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  • Book
  • Open Access
  • © 2019

Old and New Perspectives on Mortality Forecasting

  • This open access edited collection describes state-of-the-art methods of mortality forecasting

  • Includes statistical approaches as well as behavioural and biological perspectives

  • Provides an interdisciplinary approach to the topic

Part of the book series: Demographic Research Monographs (DEMOGRAPHIC)

Buying options

Hardcover Book USD 59.99
Price excludes VAT (USA)

Table of contents (24 chapters)

  1. Front Matter

    Pages i-xi
  2. Introduction

    • Tommy Bengtsson, Nico Keilman, Juha M. Alho, Kaare Christensen, Edward Palmer, James W. Vaupel
    Pages 1-19Open Access
  3. Part II

    1. Front Matter

      Pages 93-93
    2. Erroneous Population Forecasts

      • Nico Keilman
      Pages 95-111Open Access
    3. An Expert Knowledge Approach to Stochastic Mortality Forecasting in the Netherlands

      • Maarten Alders, Joop de Beer
      Pages 123-143Open Access
    4. Stochastic Forecasts of Mortality, Population and Pension Systems

      • Shripad Tuljapurkar
      Pages 145-155Open Access
  4. Part III

    1. Front Matter

      Pages 157-158
    2. The Linear Rise in the Number of Our Days

      • Jim Oeppen, James W. Vaupel
      Pages 159-166Open Access
    3. Mortality Forecasts and Linear Life Expectancy Trends

      • Ronald Lee
      Pages 167-183Open Access

About this book

This open access book describes methods of mortality forecasting and discusses possible improvements.  It contains a selection of previously unpublished and published papers, which together provide a state-of-the-art overview of statistical approaches as well as behavioural and biological perspectives.  The different parts of the book provide discussions of current practice, probabilistic forecasting, the linearity in the increase of life expectancy, causes of death, and the role of cohort factors. The key question in the book is whether it is possible to project future mortality accurately, and if so, what is the best approach. This makes the book a valuable read to demographers, pension planners, actuaries, and all those interested and/or working in modelling and forecasting mortality.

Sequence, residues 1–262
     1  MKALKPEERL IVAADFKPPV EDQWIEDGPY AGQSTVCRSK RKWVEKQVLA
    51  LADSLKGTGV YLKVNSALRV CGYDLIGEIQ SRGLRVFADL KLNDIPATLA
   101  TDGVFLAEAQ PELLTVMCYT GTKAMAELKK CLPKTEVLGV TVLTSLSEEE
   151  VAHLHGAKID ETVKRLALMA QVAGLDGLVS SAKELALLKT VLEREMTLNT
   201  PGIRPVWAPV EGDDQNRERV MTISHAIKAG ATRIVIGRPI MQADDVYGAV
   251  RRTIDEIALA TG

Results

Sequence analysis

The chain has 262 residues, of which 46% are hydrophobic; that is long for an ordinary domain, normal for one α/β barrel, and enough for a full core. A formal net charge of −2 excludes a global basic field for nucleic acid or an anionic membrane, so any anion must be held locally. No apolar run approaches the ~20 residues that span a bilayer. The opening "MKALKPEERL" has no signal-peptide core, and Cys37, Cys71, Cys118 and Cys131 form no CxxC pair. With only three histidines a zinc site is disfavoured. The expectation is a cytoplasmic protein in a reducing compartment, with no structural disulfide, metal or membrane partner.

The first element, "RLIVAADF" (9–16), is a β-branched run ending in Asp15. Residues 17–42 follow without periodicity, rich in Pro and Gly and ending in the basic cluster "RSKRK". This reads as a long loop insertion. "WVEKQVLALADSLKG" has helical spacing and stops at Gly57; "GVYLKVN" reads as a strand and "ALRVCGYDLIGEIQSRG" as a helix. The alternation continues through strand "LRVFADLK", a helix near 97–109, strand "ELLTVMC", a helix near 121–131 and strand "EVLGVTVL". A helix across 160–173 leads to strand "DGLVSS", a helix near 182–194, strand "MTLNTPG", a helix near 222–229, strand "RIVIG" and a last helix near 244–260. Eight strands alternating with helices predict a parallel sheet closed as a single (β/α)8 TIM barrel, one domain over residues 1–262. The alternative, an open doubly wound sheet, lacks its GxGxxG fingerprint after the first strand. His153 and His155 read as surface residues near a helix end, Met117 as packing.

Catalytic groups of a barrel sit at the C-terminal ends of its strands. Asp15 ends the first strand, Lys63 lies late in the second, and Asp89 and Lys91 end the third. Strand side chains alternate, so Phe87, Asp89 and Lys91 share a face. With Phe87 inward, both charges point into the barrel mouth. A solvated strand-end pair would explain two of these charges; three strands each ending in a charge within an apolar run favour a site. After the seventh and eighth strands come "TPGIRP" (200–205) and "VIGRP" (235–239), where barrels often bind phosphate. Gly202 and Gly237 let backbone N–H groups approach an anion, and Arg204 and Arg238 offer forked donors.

Keywords

  • open access
  • Mortality forecast
  • Longevity and life expectancy
  • Cause of death
  • Forecast accuracy
  • Models for projecting mortality
  • SCOPE Approach
  • Probabilistic modeling
  • Demography
  • Population health
  • Extrapolation

Editors and Affiliations

  • Centre for Economic Demography, Lund University, Lund, Sweden

    Tommy Bengtsson

  • Department of Economics, University of Oslo, Oslo, Norway

    Nico Keilman

About the editors

Tommy Bengtsson is Professor of Demography and Economic History, Lund University. He received his doctoral degree from Lund University in 1980 on a dissertation on 20th century technological change and labor market issues. Afterwards, he started to work in the area of population economics, especially on demographic response to short-term changes in real wages using historical records at macro level for Sweden. Next, he combined an event history approach with a time-series approach to analyze the effects of changes in real wages on demographic outcomes at micro level. Later, he used a similar approach studying the effects of conditions in early life on health and socioeconomic performance later in life. To be able to do so, he build up the Scanian Economic Demographic Database (SEDD), which is closing the gap between the historical and contemporary datasets and today, the Centre for Economic Demography (CED), which he started in 2006, is administrating the database. Bengtsson has also been involved in studies on population ageing and welfare state as well as on the current immigration to Sweden.

 

Nico Keilman is Professor of Demography at the Department of Economics, University of Oslo, since 1994. He studied applied mathematics and demography at the universities of Delft and Utrecht, and received his doctoral degree at the latter university in 1990, for a dissertation on the accuracy of population forecasts. He has more than 30 years of experience in mathematical and statistical research on demographic models for the dynamics of living arrangements, mortality projections, and demographic methods in general. From 2006 until 2011, he was the editor of Demographic Research. 

Bibliographic Information

Buying options

Hardcover Book USD 59.99
Price excludes VAT (USA)